In 1915 Mr. Lucas was married, in Bellingham, to Miss Florence G. Christie, a native of Maine, and they have a son, John. Mr. Lucas is a Knight Templar Mason and in the consistory has taken the eighteenth degree, while he is also a Shriner. He belongs to the Kiwanis, Country and Arctic Clubs and the Bellingham Chamber of Commerce, and is a republican in his political convictions. Mr. Lucas has attempted only those things which are of importance in the world's work and has risen to the top through merit alone.

History of Whatcom County Volume 2, Lottie Roeder Roth, pub. 1926, pgs. 927-928

Ludwigson, Barney Stephen

    Whatcom county sustained the loss of one of its well known and highly esteemed citizens in the death of Barney Stephen Ludwigson, who passed away at Bellingham on the 22d of May, 1919, when fifty-two years of age. He was born in Iceland in 1867 and spent the period of his boyhood on his native island and in Denmark, where he was graduated from college. At the age of twenty he immigrated to America, settling first in Winnipeg, Manitoba, Canada, where he was engaged in clerking for four years. On the expiration of that period, about 1891, he made his way westward to Seattle, Washington, where he remained in the service of a wholesale concern for a number of years. Subsequently he resided for about a year at Point Roberts in Whatcom county, after which he spent three years in the Canadian province of British Columbia, being employed in the canneries as cooking-room foreman. He then returned to Point Roberts but a short time later, about 1906, removed to Blaine, Whatcom county, where he was placed in charge of a dry kiln in a large mill.  Next he accepted the position of manager of the George & Barker store at Point Roberts, where he remained for ten years. He filled the position of township treasurer and also served as postmaster for a time, discharging his official duties in a highly efficient and creditable manner. When his health became impaired in 1918 he took up his abode at Bellingham, where he departed this life the following year.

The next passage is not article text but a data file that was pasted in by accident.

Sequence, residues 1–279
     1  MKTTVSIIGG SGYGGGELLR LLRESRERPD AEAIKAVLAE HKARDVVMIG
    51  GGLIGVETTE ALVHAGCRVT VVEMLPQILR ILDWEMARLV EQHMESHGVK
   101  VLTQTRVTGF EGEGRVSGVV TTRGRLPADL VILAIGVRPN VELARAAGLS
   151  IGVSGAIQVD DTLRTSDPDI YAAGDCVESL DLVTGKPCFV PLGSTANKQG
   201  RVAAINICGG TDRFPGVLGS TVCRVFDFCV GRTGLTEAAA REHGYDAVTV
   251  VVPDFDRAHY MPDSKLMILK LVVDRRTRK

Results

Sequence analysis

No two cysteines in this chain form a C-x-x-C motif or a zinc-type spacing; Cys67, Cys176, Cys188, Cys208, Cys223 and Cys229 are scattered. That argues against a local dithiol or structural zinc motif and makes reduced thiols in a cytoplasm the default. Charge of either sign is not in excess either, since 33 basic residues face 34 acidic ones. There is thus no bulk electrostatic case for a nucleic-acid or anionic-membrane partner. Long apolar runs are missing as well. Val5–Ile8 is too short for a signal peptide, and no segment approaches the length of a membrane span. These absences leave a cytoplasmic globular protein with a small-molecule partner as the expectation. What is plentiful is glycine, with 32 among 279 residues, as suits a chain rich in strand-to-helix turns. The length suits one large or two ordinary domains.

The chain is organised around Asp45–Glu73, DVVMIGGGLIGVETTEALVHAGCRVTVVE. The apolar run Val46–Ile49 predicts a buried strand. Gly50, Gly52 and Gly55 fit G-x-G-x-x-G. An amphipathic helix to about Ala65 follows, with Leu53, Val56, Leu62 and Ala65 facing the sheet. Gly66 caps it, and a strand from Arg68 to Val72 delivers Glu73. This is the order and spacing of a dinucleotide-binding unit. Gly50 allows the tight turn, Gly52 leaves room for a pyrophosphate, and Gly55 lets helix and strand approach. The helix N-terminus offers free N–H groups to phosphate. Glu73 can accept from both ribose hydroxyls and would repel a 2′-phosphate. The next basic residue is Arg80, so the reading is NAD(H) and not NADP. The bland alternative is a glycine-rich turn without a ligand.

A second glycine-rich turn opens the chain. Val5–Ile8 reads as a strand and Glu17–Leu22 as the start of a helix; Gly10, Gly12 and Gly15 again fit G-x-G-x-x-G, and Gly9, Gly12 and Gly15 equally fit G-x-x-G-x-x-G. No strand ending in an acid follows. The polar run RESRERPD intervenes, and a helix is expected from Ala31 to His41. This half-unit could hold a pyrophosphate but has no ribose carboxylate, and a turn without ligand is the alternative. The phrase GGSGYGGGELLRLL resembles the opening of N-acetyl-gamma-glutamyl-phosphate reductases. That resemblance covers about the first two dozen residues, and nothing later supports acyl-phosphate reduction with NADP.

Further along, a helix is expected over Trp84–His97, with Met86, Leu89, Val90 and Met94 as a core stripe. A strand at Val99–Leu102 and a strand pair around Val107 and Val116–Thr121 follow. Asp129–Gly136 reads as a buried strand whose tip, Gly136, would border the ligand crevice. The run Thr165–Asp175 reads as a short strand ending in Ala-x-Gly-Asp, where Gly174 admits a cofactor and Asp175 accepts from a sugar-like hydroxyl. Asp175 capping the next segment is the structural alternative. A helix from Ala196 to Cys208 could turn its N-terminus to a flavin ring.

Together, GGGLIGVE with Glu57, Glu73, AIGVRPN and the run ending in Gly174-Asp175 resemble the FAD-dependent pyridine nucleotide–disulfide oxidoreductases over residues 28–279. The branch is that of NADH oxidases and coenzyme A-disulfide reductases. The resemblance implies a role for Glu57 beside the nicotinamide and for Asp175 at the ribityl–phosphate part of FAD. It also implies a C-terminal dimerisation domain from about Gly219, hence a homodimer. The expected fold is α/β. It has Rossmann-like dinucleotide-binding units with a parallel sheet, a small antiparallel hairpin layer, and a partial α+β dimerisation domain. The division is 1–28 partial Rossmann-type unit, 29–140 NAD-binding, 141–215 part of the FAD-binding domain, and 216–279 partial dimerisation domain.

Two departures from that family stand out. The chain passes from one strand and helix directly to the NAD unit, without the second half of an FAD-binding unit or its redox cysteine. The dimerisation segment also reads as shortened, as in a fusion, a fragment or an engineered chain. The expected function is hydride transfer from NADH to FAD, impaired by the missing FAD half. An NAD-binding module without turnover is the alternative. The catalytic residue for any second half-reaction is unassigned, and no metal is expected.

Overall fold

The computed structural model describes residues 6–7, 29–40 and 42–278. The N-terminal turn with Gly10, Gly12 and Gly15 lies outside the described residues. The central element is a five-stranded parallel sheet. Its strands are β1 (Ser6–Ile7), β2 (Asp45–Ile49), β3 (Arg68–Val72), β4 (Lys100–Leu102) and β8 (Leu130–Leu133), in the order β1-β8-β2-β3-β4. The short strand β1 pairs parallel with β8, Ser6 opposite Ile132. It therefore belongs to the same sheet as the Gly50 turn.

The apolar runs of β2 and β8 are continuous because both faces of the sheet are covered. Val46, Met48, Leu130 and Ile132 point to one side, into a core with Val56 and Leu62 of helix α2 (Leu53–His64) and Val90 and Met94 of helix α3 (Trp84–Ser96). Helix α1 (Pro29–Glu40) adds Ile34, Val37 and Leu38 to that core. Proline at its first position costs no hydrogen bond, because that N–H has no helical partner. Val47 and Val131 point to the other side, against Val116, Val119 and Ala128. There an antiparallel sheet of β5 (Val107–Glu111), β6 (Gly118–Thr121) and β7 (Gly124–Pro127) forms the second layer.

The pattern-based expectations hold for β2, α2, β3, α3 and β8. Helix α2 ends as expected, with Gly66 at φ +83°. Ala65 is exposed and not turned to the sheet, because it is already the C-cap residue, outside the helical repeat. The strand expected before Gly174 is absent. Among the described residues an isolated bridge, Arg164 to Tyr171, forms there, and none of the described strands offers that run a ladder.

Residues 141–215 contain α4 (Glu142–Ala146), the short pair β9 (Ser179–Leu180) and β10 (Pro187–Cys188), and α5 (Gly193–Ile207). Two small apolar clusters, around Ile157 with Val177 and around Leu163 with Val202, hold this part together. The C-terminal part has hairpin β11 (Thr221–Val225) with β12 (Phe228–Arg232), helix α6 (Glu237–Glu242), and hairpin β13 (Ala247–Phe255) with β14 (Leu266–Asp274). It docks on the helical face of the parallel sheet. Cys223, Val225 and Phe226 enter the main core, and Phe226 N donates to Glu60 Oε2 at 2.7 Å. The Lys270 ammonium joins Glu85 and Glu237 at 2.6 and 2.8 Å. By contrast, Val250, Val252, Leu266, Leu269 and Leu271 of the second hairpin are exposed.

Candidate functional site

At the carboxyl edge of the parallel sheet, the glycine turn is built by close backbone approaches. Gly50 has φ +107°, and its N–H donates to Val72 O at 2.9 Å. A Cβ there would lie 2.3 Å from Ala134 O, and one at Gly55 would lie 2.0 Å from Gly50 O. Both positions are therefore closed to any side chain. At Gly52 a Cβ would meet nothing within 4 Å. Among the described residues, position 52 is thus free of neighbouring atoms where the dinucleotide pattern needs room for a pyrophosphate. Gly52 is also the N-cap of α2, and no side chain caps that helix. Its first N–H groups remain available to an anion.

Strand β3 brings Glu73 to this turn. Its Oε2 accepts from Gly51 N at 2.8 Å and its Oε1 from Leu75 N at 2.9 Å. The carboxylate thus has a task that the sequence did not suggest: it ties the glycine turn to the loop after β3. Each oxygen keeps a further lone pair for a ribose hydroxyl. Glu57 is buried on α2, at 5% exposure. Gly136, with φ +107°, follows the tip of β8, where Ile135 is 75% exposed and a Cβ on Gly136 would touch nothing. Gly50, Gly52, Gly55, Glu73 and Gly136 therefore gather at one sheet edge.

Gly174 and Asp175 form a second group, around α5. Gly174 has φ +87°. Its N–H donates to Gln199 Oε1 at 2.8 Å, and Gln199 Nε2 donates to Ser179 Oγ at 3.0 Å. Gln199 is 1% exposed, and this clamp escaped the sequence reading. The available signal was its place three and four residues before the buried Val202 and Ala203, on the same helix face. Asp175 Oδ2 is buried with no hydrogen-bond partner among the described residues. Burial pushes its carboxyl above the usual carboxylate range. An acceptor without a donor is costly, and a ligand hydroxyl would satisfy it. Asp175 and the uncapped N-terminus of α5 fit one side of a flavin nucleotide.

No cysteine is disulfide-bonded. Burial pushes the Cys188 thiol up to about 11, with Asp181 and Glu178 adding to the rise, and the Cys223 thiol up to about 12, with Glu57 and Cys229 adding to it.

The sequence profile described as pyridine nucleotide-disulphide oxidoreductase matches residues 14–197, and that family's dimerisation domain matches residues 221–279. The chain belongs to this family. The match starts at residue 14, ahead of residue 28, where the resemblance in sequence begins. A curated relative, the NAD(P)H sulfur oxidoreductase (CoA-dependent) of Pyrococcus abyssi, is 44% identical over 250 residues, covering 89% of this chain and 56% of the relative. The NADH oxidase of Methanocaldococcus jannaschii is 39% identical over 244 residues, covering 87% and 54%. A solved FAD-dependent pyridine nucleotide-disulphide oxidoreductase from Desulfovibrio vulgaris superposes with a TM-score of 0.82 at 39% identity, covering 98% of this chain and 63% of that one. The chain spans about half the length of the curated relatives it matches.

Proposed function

In 1894 Mr. Ludwigson was united in marriage to Miss Margaret Hall, also a native of Iceland, who was eleven years old when she came to America with her foster mother, who located in Winnipeg, Manitoba, Canada. At the age of fifteen years Mrs. Ludwigson removed to Seattle, Washington. She was dependent on her own resources for a livelihood from the age of eleven until the time of her marriage. She became the mother of ten children, as follows: Mrs. Lillian Waters, who is deceased; Henry R., residing at Bellingham; Mrs. Margaret Loft, who has two children and who makes her home at Bellingham; Julius, also living at Bellingham; Eggert, who is engaged in the real estate business at Bellingham; Vivian, a high school student; Carl, George and Alma, who are also attending school; and Leslie, who has passed away.

    Mr. Ludwigson gave his political allegiance to the republican party, while his religious faith was that of the Lutheran church, to which his widow and children also belong. Mrs. Ludwigson resides at No. 2518 Walnut street in Bellingham, where she has an extensive circle of warm friends.

History of Whatcom County Volume 2, Lottie Roeder Roth, pub. 1926, pg. 162